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What is a Foreclosure?

Foreclosure is a legal process through which a lender or mortgage holder takes ownership of a property due to the borrower’s failure to make mortgage payments as agreed upon in the loan agreement. It is typically initiated when the borrower is significantly behind on payments and has not been able to find a solution to resolve the delinquency.

The foreclosure process begins with the lender filing a legal action, often referred to as a foreclosure, against the borrower. The specific steps and requirements of the foreclosure process can vary depending on the jurisdiction and the terms outlined in the mortgage agreement.

Once the foreclosure process is initiated, the property is usually sold at a public auction to recover the outstanding debt owed by the borrower. If the property fails to sell at the auction, it becomes a “real estate-owned” (REO) property, owned by the lender. The lender can then attempt to sell the property through a real estate agent or other means to recoup their losses.

Foreclosure can have severe financial and legal consequences for the borrower. It can result in the loss of their property, damage to their credit score, and potential difficulties in obtaining future credit or loans. It is generally considered a last resort for lenders when all other attempts to resolve the delinquency have failed.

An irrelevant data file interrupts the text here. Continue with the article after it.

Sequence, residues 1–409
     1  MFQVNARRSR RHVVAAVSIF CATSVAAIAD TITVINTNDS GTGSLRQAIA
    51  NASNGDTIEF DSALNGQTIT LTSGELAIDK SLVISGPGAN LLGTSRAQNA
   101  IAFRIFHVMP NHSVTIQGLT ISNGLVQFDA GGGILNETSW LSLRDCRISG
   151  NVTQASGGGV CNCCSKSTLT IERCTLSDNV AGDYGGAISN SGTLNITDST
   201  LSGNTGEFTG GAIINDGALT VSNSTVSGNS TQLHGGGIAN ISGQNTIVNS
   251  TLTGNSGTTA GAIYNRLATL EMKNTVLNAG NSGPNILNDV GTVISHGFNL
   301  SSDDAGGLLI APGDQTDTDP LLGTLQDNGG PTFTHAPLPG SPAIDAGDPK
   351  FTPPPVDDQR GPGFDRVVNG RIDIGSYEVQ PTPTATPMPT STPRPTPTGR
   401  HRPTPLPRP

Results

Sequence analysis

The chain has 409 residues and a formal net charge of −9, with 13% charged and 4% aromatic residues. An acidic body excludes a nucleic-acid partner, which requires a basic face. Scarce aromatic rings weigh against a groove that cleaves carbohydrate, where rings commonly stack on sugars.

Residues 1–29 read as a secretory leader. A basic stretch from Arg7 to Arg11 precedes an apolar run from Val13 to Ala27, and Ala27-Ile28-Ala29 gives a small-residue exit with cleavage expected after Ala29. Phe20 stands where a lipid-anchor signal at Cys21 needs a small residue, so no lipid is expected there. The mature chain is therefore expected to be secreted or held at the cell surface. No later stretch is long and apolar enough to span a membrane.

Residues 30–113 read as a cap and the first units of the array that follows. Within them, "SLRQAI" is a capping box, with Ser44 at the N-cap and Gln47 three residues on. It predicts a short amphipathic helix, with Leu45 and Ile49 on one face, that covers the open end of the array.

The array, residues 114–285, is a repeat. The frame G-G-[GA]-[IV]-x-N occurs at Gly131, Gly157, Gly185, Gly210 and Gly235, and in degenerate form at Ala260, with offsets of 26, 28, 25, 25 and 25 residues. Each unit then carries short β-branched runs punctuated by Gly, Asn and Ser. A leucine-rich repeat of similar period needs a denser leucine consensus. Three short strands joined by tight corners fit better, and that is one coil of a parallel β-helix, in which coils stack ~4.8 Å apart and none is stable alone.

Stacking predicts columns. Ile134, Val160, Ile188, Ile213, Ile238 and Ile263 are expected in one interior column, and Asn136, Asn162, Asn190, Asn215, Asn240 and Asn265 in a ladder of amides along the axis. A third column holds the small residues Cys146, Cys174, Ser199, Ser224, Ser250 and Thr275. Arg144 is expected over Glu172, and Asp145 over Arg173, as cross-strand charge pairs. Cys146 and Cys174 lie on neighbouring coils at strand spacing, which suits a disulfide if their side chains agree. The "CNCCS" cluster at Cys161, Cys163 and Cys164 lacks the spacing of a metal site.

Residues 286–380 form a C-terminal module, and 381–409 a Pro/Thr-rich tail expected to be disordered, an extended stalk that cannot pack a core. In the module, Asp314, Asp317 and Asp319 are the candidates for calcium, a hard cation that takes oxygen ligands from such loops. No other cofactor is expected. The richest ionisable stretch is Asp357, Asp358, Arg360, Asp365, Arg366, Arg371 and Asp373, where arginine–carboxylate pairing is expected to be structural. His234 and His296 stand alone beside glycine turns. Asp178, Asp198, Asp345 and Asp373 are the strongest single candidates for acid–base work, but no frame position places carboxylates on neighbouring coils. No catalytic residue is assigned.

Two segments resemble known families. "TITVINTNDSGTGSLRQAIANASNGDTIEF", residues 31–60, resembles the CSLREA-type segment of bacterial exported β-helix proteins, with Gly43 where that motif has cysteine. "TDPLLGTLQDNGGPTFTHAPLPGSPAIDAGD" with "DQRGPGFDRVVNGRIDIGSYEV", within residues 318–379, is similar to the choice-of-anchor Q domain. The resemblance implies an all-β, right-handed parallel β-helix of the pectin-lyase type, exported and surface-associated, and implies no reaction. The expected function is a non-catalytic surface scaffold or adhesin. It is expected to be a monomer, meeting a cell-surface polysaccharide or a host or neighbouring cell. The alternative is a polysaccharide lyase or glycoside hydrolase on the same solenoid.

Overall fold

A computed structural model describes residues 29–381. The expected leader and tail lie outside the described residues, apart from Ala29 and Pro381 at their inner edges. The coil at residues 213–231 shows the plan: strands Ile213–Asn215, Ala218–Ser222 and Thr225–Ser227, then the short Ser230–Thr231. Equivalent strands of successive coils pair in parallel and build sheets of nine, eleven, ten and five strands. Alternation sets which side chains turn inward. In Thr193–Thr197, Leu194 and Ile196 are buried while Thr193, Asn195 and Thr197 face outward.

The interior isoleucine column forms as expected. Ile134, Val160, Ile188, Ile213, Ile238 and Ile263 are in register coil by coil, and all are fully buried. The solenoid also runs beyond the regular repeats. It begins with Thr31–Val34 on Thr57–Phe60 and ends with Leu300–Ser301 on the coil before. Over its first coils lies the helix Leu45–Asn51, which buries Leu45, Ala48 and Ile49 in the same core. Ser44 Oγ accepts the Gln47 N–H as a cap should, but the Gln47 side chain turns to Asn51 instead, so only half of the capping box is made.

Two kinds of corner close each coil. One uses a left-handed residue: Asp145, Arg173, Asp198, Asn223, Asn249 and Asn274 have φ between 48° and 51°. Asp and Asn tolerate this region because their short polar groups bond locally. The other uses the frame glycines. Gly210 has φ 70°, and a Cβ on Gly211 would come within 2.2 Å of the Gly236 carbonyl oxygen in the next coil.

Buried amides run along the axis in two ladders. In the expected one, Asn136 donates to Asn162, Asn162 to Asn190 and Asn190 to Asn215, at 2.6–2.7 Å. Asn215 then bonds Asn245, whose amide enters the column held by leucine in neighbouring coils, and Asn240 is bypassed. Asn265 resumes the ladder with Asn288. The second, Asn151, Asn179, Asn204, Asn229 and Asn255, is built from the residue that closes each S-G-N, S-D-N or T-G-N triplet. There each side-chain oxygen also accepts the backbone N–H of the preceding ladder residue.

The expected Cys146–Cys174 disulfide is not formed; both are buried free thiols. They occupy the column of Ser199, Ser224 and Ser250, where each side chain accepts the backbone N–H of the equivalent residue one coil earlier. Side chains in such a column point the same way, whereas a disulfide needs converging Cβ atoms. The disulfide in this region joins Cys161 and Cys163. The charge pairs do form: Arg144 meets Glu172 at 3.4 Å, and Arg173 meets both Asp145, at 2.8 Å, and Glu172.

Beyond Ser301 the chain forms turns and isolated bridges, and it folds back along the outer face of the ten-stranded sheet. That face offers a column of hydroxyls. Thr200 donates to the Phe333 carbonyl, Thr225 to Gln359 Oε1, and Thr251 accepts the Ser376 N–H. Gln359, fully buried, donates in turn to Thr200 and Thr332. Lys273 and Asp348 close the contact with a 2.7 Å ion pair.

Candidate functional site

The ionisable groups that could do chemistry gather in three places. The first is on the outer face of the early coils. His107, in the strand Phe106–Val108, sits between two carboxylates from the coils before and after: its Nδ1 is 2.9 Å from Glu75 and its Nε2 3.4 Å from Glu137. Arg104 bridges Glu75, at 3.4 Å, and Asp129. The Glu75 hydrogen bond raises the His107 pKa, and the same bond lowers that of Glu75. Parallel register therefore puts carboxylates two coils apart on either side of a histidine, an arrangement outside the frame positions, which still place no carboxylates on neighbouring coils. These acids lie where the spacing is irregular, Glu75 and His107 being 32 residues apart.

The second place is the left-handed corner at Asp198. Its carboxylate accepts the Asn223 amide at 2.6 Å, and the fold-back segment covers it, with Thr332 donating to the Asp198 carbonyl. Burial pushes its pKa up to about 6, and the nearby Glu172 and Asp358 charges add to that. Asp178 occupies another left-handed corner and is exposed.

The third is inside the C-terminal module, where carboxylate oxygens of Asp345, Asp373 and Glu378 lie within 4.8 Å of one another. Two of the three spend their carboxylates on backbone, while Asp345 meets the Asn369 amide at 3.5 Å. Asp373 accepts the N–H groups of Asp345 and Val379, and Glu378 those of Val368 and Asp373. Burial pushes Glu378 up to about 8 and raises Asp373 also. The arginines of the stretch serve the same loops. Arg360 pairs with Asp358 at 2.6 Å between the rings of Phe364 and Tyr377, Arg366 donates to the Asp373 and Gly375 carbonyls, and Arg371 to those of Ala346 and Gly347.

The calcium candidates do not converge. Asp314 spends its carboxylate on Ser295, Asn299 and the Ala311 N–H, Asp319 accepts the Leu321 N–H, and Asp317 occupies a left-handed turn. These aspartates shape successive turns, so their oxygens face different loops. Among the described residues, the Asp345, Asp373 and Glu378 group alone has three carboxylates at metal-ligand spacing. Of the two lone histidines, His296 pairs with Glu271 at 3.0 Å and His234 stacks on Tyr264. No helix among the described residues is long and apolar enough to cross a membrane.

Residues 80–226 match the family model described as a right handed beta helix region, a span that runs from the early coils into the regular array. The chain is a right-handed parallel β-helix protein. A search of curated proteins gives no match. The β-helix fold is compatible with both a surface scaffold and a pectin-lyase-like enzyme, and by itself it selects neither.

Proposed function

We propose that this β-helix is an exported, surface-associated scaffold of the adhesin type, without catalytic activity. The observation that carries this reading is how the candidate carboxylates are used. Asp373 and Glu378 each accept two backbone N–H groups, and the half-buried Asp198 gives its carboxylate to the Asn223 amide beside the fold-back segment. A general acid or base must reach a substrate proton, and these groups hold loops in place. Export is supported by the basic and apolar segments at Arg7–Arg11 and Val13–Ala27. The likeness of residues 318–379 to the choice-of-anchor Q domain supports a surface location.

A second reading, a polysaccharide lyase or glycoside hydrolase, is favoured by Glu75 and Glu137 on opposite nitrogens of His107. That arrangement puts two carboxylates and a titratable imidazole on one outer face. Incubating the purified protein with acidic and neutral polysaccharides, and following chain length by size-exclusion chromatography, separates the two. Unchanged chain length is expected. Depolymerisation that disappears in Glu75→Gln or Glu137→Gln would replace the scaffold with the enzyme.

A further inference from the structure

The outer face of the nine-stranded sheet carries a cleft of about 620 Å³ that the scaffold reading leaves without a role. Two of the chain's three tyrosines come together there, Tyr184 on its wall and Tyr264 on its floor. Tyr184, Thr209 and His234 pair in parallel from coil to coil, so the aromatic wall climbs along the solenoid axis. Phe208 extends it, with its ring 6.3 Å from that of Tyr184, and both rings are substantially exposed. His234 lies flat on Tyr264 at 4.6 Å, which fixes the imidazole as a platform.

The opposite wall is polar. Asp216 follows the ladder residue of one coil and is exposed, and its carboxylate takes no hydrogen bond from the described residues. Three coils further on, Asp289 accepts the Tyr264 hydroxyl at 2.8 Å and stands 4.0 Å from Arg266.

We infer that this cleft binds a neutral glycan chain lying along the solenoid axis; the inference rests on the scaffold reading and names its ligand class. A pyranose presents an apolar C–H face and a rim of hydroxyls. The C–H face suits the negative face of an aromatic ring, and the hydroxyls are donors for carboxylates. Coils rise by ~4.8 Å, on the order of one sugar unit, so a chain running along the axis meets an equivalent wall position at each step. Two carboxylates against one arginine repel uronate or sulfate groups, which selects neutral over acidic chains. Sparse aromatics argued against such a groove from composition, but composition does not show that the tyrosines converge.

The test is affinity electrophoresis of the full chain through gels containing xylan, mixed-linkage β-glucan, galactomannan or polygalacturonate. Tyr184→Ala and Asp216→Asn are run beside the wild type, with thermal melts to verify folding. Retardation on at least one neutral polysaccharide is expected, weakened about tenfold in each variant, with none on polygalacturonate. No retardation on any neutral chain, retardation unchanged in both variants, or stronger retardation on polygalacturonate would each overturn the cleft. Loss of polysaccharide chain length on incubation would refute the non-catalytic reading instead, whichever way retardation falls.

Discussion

It’s important for borrowers facing financial difficulties and potential foreclosure to communicate with their lender as soon as possible. By seeking assistance, exploring options such as loan modifications or repayment plans, or considering alternative solutions like selling the property, borrowers may be able to avoid foreclosure or minimise its impact. If you need to save money when selling your property, check out an App such as bRight Agent which can save you a lot of money in real estate agent fees and commission.